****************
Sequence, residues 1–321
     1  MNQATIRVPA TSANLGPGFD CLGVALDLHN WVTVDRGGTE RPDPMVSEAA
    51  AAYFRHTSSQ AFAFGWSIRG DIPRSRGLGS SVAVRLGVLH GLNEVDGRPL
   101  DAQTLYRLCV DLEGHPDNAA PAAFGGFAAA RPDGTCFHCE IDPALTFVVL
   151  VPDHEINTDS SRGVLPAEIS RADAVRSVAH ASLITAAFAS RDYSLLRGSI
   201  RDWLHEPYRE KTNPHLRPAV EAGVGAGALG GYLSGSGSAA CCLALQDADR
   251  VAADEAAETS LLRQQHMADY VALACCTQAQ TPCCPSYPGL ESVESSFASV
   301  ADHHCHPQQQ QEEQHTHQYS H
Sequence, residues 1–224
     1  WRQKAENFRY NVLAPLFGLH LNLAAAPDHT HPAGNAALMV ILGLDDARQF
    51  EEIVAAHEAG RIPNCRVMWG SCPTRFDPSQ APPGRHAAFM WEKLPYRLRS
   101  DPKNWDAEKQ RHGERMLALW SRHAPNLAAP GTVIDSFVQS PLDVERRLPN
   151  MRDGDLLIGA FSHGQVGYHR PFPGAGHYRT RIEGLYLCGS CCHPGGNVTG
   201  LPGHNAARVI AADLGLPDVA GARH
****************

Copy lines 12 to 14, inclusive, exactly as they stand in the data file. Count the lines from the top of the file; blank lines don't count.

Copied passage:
   101  DPKNWDAEKQ RHGERMLALW SRHAPNLAAP GTVIDSFVQS PLDVERRLPN
   151  MRDGDLLIGA FSHGQVGYHR PFPGAGHYRT RIEGLYLCGS CCHPGGNVTG
   201  LPGHNAARVI AADLGLPDVA GARH